Margie Young has been with the Dietrich Theater through it all.

When she moved to the Tunkhannock area from Illinois about 20 years ago, an initiative to reopen the Dietrich was just in its beginnings.

While Young had connections to Tunkhannock through summer visits as a child, she has no real memories of the theater while it was originally up and running, except seeing “The China Syndrome” while visiting her parents, who later retired there.

Nevertheless, she joined the small group of locals intent on bringing the theater back, eventually becoming one of the first board members.

Moving to Tunkhannock was supposed to be an early retirement for the former school librarian, but she instead chose to dedicate her time to the Dietrich, essentially building its cultural programs from the ground up.

“Obviously, I didn’t retire,” Young said, though now, she has finally decided that it’s time, although she plans to continue as a regular volunteer.

Without the Dietrich, movie lovers in Tunkhannock had to drive at least 40 minutes to get to the nearest theater, but convenience wasn’t the only factor in the revival efforts.

“When the application was written to be a nonprofit, it was already the vision that the theater would open not only as a movie theater, but as a cultural center,” Young said. “Well, that’s kind of lofty. I marvel at the fact that we never wavered from that vision.”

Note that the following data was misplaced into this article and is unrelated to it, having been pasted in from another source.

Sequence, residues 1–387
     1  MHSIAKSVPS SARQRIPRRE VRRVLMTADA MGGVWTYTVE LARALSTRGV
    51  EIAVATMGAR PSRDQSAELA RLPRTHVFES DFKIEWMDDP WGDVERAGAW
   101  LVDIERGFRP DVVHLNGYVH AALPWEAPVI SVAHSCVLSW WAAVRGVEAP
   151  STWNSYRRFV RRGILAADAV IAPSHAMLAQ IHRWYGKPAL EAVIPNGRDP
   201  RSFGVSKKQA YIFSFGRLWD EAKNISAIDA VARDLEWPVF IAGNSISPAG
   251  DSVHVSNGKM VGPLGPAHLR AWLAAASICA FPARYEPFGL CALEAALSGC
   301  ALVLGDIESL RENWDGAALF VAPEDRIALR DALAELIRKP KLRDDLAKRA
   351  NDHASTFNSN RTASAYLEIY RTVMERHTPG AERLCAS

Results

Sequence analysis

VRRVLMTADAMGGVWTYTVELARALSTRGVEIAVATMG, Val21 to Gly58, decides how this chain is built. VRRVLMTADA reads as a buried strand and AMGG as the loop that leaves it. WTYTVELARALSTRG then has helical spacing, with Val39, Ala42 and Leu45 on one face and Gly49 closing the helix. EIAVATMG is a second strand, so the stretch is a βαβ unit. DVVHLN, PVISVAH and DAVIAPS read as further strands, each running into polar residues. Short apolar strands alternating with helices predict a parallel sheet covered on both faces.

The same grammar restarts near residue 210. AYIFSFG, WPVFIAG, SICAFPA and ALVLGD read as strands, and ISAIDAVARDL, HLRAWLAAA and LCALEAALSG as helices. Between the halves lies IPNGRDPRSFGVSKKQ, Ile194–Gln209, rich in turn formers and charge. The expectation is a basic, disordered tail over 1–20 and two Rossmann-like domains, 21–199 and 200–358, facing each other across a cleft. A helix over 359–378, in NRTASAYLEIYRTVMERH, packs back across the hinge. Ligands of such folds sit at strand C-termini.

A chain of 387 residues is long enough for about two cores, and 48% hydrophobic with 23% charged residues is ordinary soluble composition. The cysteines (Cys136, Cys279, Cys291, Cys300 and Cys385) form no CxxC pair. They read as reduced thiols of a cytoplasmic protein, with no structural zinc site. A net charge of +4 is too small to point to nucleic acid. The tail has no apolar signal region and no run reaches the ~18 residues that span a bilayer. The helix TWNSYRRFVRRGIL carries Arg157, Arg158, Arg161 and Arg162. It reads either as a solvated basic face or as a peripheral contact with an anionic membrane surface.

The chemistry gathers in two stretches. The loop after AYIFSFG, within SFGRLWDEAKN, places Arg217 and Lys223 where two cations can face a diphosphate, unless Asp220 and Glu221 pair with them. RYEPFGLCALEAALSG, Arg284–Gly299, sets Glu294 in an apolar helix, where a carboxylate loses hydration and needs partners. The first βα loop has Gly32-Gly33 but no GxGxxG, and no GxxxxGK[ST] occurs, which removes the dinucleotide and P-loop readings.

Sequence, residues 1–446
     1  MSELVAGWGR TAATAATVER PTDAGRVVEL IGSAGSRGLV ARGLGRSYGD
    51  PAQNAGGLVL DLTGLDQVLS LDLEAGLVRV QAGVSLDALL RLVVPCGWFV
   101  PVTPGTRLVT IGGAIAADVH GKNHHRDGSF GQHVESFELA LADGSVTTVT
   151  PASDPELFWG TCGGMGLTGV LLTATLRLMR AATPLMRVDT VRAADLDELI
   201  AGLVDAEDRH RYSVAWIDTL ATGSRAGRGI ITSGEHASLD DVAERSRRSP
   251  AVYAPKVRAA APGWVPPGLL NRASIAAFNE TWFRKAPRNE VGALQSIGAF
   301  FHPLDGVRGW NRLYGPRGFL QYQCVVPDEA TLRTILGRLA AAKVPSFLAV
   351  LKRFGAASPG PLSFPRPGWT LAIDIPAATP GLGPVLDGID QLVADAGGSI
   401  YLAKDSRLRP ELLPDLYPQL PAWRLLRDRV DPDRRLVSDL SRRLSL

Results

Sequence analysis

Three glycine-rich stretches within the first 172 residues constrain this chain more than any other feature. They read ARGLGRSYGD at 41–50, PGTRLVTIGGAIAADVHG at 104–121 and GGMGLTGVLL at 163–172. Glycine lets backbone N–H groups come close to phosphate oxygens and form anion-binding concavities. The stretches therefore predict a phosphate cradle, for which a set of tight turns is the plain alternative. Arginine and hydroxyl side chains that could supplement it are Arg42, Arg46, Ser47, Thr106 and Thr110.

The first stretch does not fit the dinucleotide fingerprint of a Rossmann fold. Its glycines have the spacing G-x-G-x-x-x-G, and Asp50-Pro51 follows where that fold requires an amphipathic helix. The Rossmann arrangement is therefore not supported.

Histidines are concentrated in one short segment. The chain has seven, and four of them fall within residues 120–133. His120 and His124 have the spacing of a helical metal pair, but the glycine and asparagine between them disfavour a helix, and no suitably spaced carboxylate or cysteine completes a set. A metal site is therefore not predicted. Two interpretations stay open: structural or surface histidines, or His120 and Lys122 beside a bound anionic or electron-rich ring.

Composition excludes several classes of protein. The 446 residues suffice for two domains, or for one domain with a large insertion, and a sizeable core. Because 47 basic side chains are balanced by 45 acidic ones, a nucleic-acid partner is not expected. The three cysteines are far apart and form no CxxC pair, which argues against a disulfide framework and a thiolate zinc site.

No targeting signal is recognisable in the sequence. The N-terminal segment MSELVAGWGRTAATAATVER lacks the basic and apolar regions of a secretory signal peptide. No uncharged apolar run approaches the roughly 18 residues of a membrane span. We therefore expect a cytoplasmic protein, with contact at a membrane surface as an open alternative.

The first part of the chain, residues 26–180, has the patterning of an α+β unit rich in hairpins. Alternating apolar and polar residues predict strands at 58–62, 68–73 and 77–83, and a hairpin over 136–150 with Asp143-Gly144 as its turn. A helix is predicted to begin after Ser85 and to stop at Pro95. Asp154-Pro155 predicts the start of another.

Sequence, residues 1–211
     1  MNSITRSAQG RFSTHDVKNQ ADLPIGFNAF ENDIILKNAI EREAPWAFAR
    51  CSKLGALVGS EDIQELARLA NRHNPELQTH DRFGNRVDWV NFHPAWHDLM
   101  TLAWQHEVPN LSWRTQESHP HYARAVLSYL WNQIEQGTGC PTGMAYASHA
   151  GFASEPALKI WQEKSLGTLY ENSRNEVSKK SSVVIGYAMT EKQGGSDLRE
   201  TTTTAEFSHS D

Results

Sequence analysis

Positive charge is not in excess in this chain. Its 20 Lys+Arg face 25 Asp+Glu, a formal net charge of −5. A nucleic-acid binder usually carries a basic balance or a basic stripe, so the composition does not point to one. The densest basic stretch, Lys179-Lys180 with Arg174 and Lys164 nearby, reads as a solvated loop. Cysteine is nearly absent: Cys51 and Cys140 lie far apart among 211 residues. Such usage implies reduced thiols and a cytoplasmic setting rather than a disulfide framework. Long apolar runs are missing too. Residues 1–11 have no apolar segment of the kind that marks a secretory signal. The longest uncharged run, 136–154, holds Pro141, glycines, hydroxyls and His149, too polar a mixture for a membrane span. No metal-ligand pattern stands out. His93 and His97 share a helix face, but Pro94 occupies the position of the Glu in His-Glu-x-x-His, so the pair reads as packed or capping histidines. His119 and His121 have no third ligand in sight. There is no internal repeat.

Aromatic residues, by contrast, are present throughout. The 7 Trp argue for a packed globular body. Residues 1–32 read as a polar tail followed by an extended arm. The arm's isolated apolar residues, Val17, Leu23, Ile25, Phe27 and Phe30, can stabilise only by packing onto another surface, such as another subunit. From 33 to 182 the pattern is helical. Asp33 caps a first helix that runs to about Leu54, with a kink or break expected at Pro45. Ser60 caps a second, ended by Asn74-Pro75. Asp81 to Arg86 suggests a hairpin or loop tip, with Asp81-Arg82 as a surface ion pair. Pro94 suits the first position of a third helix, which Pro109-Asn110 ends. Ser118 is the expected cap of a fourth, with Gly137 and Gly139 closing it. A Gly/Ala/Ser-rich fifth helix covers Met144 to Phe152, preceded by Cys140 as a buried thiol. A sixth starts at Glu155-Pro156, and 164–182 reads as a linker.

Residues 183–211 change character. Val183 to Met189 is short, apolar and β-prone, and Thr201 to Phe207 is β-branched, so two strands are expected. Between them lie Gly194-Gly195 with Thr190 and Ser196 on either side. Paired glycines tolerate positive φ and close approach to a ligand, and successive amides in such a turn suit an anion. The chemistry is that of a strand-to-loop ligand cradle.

The group was successful in raising funds to purchase the theater, which reopened in 2001 after nearly three years of work. It closed in the 1980s.

Having familiarity in building programs through her experience as a librarian, Hildy Morgan, the Dietrich’s executive director at the time, asked Young to be the program director.

In the summer of 2002, it was time for the first programs to begin. Theaters were used as makeshift classrooms with tables and chairs.

The Dietrich brought in programs from the Everhart Museum, as well as Pennsylvania Performance on Tour and the Pennsylvania Humanities Council.

Times have changed, as the Dietrich now offers around 350 cultural events each year. This includes film festivals, workshops and countless other events.

“Our Margie started our classes from nothing and now you can see we have a full slate of offerings,” Dietrich Theater Executive Director Erica Rogler said while flipping through a pamphlet of the theater’s spring and summer 2019 happenings.

Two studios adjacent to the theater were opened for visual and performing arts classes.

Later, three new classroom spaces were added in the theater through the 2009 expansion, which made “all the difference in the world.”

“It’s a very fulfilling job to start to create something from nothing, because there was a Dietrich Theater before, but we reinvented it,” Young said.

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